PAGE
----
The Biden administration launched an initiative that will provide Africa with $350 million to expand digital access and literacy and strengthen digital environments across the continent.
In a statement, the White House said it will work with Congress to provide the sum as well as an additional $450 million in loan financing.
The initiative will be led by federal agencies including the State Department, USAID, the U.S. International Development Finance Corporation and the Department of Commerce. It consists of three pillars: supporting the digital economy and infrastructure, developing human capital and supporting a digital enabling environment.
It is intended to support the organic growth of civil, government and private sector technologies, as well as increased harmonization of technology policy across the continent.
“With new technologies transforming the way Africans live and work, [Digital Transformation with Africa] DTA will foster an inclusive and resilient African digital ecosystem, led by African communities and built on an open, interoperable, reliable, and secure internet,” the Biden administration said in a statement.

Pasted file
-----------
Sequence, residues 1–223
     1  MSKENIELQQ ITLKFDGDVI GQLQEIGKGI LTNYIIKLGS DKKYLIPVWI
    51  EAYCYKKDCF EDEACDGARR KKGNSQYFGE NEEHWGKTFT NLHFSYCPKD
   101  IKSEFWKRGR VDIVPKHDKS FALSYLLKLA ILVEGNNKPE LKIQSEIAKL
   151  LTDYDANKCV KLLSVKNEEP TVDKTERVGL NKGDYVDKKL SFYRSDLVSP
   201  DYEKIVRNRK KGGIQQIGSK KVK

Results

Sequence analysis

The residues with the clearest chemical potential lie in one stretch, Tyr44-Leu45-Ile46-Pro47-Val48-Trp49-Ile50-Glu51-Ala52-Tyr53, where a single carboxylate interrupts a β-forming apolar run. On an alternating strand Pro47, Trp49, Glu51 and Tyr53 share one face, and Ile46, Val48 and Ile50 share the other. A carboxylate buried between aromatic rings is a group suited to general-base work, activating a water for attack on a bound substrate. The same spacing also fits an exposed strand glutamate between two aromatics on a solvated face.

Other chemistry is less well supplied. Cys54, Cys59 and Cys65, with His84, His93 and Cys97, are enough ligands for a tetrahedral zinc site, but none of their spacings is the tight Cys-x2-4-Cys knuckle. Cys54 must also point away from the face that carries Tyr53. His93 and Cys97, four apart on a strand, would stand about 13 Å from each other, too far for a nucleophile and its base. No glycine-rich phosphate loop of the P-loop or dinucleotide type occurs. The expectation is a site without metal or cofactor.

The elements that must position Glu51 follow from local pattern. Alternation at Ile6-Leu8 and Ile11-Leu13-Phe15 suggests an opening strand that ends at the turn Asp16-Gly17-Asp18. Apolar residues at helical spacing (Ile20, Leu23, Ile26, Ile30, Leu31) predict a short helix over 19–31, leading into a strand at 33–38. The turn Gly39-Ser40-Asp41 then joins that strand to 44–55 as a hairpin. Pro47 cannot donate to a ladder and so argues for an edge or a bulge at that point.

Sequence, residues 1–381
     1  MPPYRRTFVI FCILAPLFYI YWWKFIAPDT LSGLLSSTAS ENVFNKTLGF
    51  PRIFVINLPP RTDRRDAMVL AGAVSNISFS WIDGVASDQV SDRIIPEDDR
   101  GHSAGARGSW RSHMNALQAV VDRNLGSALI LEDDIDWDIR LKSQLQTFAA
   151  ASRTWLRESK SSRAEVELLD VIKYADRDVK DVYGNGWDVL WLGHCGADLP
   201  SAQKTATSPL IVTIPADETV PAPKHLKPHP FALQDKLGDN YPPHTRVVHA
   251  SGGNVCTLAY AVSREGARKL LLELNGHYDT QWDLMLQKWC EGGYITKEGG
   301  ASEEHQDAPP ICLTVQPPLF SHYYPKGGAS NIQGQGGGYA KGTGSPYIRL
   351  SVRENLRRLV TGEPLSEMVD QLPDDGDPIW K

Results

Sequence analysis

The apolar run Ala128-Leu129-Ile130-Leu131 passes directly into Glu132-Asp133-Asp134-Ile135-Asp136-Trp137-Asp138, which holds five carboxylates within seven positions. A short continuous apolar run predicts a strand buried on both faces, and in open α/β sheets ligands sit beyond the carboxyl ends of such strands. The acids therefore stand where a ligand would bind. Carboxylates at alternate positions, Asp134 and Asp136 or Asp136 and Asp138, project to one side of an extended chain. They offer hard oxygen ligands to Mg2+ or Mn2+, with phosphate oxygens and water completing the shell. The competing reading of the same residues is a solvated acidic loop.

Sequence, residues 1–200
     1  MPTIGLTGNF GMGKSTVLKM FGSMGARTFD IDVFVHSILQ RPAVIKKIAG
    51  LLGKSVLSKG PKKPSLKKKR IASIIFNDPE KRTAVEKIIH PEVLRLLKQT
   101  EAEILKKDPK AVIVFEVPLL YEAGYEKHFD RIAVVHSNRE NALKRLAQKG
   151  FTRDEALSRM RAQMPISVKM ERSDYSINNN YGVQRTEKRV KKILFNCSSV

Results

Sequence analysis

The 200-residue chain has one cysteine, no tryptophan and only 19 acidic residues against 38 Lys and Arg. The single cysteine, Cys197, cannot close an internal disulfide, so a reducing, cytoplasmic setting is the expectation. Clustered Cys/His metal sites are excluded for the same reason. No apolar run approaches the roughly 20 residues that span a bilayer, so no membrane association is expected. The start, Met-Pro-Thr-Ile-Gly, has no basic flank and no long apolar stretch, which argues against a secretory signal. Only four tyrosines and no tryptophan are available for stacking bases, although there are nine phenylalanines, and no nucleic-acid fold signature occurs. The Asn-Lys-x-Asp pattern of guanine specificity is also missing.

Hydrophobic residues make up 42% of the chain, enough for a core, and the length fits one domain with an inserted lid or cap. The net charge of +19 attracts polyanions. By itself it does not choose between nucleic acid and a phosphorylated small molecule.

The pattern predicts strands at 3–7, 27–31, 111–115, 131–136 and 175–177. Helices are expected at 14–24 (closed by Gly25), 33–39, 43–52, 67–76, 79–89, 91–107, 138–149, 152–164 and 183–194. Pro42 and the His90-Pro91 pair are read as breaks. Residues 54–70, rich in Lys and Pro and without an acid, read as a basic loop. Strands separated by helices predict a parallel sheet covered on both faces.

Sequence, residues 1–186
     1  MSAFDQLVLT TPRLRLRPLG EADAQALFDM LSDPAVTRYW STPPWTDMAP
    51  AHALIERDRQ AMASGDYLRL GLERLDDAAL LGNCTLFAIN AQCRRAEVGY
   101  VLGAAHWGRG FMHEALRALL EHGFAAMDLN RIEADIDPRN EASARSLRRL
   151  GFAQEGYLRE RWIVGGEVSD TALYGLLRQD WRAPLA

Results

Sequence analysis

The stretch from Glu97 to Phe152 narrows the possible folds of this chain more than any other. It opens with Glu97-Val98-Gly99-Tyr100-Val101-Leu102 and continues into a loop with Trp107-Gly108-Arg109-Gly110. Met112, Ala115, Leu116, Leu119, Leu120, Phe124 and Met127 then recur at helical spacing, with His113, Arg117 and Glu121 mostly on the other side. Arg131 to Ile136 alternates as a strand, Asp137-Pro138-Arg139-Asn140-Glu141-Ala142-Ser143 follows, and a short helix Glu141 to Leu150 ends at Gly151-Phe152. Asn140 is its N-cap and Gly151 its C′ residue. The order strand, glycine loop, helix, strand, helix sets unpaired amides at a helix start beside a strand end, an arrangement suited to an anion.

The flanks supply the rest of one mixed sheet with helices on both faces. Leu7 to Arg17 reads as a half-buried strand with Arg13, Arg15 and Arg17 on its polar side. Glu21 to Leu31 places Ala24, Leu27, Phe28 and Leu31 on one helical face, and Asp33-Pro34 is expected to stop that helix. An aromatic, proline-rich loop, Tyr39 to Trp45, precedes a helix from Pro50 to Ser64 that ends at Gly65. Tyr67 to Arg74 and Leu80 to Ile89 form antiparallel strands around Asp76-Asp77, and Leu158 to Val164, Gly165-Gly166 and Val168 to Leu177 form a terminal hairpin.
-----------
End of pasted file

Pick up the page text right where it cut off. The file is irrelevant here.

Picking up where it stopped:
It added: “This initiative will also seek to empower women and other marginalized people through and within the digital ecosystem. DTA aims to help countries rebuild economies impacted by the COVID-19 pandemic and advance U.S. national security, diplomatic, commercial, and development priorities.”
News of the launch of the initiative follows the conclusion U.S.-Africa summit in Washington on Thursday, during which President Biden reiterated America’s commitment to the continent. The summit is seen as part of a push by the U.S. to reassert itself in Africa and counter the influence of China.
“African voices, African leadership, African innovation all are critical to addressing the most pressing global challenges and to realizing the vision we all share: a world that is free, a world that is open, prosperous, and secure,” Biden said.
He added that the administration will seek authority from Congress to lend $21 billion to the International Monetary Fund to provide access to financing for low- and middle-income countries.